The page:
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Bones: The Good, the Bad and the Ugly
Bones Although most of us grew up with the assumption that bones are good for our pets this is in fact a fallacy, one that more pet owners should be made aware of. Let’s look at some effects and risks involved when feeding bones to pets. The Good: The unfortunate truth is that the only good thing about feeding your dog bones is that they like it and it keeps them busy, especially if they have a tendency to chew. Sadly just as we all enjoy our McDonalds, KFC and pizza we know these foods are not good for our health and the same applies to bones for your dog. They carry no nutritional value and are indigestible. Perhaps the only part of the bone a dog may actually eat and digest would be bone marrow. Read more
My cat has pimples!
Feline Acne Feline acne is a common skin condition in cats. Cats of any age can be affected, and there is no breed or sex predisposition. Cats are often presented to the veterinarian with the complaint of ‘dirt on the cat’s chin, that the owner cannot remove after attempts to clean it’ or ‘bumps on the cats chin’. How does feline acne develop? Hair follicles on the chin become blocked with secretions from small fat glands called sebaceous glands in the skin. This gives rise to multiple blackheads otherwise known as comedones on the chin, giving the chin the so-called ‘dirty appearance’. These comedones may also be associated with small red blisters or pimples and crusts on the surface of the chin. Read more
What is trichobezoar?
Hairballs in cats The elusive and very unpleasant hairball is something that every cat owner will experience at some point. Cats in general are very clean and well-kept animals and grooming is an essential routine for them to ensure their cleanliness. A healthy cat is one that grooms. Hairballs are simply a by-product of your cat’s hygiene. A trichobezoar, commonly known as a hairball, is a clump of indigestible hair, moistened by bile and digestive fluid that may or may not contain bits of food or other foreign material. Hairballs are not usually round in shape but rather drawn-out and the shape of a sausage. This is due to their passage through the oesophagus, the tube connecting the stomach to the mouth, which is long and cylindrical. Hairballs can occasionally resemble faeces but on closer examination one will notice it is made up of hair. It also does not smell like faeces although it does not have a particularly pleasant odour. Read more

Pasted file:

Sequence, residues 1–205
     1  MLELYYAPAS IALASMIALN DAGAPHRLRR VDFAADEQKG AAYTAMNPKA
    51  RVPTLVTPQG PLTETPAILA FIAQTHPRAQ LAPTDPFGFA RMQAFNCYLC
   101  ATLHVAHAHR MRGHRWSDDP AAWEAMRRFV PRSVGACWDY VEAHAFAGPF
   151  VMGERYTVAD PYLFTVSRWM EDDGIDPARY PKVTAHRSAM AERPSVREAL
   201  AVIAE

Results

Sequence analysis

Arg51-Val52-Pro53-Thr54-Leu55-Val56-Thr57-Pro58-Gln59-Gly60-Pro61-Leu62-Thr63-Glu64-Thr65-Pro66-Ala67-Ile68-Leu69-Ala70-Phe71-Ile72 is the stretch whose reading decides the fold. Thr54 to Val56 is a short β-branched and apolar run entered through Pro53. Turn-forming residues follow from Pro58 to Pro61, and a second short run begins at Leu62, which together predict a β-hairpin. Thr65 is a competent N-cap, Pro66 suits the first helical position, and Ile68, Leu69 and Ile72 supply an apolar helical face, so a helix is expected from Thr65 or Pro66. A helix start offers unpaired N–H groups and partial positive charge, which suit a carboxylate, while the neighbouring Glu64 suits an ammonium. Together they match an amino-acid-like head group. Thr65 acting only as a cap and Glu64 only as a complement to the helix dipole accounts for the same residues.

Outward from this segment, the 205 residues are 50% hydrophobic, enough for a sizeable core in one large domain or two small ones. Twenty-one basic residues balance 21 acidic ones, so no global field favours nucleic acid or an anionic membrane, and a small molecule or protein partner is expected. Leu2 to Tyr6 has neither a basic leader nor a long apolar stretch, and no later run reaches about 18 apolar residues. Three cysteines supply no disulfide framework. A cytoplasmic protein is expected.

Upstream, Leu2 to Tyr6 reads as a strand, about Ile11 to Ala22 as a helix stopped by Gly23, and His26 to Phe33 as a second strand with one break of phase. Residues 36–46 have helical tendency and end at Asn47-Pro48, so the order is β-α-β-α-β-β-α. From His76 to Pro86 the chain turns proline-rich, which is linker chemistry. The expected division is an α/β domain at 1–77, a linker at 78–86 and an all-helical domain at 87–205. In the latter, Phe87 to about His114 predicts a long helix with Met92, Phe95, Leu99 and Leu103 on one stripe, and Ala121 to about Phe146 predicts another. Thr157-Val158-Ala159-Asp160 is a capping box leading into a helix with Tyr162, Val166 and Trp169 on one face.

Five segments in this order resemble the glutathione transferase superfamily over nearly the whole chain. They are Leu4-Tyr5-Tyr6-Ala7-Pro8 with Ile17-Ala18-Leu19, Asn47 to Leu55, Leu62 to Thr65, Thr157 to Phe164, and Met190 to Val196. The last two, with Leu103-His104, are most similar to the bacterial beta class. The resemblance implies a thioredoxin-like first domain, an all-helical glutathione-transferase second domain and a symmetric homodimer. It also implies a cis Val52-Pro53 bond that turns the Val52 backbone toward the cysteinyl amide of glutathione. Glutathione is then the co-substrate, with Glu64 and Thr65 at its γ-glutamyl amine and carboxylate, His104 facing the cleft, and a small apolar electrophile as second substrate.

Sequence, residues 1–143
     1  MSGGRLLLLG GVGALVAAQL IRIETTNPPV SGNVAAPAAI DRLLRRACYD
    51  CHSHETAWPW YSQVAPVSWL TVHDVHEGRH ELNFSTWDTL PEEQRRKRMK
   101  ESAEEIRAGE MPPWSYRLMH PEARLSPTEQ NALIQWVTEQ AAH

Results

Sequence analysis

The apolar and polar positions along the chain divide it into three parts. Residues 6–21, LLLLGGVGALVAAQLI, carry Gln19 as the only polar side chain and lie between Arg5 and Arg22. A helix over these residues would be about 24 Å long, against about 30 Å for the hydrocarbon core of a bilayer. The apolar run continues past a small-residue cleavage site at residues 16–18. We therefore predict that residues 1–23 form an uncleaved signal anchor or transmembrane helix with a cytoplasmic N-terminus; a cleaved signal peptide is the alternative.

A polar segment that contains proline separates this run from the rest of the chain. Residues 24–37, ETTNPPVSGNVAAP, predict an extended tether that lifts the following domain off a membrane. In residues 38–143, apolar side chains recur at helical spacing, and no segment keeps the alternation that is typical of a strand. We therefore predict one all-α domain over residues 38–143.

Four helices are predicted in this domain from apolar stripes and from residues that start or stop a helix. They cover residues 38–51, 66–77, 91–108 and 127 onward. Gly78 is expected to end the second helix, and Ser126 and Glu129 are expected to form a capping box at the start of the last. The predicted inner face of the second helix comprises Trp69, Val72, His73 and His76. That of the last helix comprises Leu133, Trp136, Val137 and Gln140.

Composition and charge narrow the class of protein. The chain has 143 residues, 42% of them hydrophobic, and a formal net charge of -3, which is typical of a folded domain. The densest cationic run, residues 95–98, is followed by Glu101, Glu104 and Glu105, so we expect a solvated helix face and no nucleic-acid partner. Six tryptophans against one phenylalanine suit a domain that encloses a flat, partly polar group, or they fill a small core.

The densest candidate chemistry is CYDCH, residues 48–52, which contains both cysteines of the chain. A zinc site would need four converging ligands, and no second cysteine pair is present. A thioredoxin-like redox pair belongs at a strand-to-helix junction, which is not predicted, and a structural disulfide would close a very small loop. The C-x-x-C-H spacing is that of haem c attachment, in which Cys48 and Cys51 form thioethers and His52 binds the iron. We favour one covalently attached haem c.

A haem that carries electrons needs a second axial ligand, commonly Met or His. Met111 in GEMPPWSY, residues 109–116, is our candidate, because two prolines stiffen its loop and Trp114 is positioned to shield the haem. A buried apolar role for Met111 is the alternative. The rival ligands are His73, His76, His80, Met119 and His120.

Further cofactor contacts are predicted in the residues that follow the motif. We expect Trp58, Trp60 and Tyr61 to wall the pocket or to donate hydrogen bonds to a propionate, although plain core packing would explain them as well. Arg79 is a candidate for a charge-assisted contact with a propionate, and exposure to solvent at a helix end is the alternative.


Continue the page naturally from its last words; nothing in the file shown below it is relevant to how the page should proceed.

What causes back pain in dogs?
Disc disease in dogs Introduction Intervertebral disc disease is a term that describes the condition in which the softer cartilage like material in between the bones of the spine, called an intervertebral disc, pushes onto the spinal cord, causing clinical signs that varies from slight back pain and discomfort to complete paralysis of limbs. Even with the slightest clinical signs, your pet should be examined by the vet to establish how serious the condition is and be treated accordingly. The earlier this is attended to, the better the overall outcome. Read more
Is your male pet missing testicles?
Cryptorchidism Cryptorchidism is a condition where the male dog or cat’s testicles have not descended into the scrotum. Descended in this context means that the testicles has come from inside the dog or cat’s belly and are visibly sitting in the ball sack (scrotum). In the embryo, when the kitten or puppy is being formed in the mother’s womb, the testicles develop inside the puppy or kitten’s abdomen (stomach cavity) behind the kidneys. As the embryo matures, the testicles then move from the inside to the outside of the animal’s abdomen. Read more
Old man's gland - Do dogs have the same problems as humans?
Prostate disease in the dog The prostate is the only accessory sex gland in the male dog. It is a butterfly shaped structure that surrounds the urethra (the tube that connects the bladder to the outside). Due to the location of the prostate, it can affect the urinary system, the colon and the hind legs, as well as having some systemic effects. Prostatic fluid is produced continuously in the dog. Prostatic fluid makes up most of the volume of seminal fluid (the fluid that carries semen). The prostate has many nerves and blood vessels running to it but is surrounded by a thick capsule, which sometimes makes it difficult for some drugs to get deep down into the prostate. Normal prostatic function is dependent on circulating testosterone. The prostate can develop a few conditions that can result in debilitating disease in the dog. Read more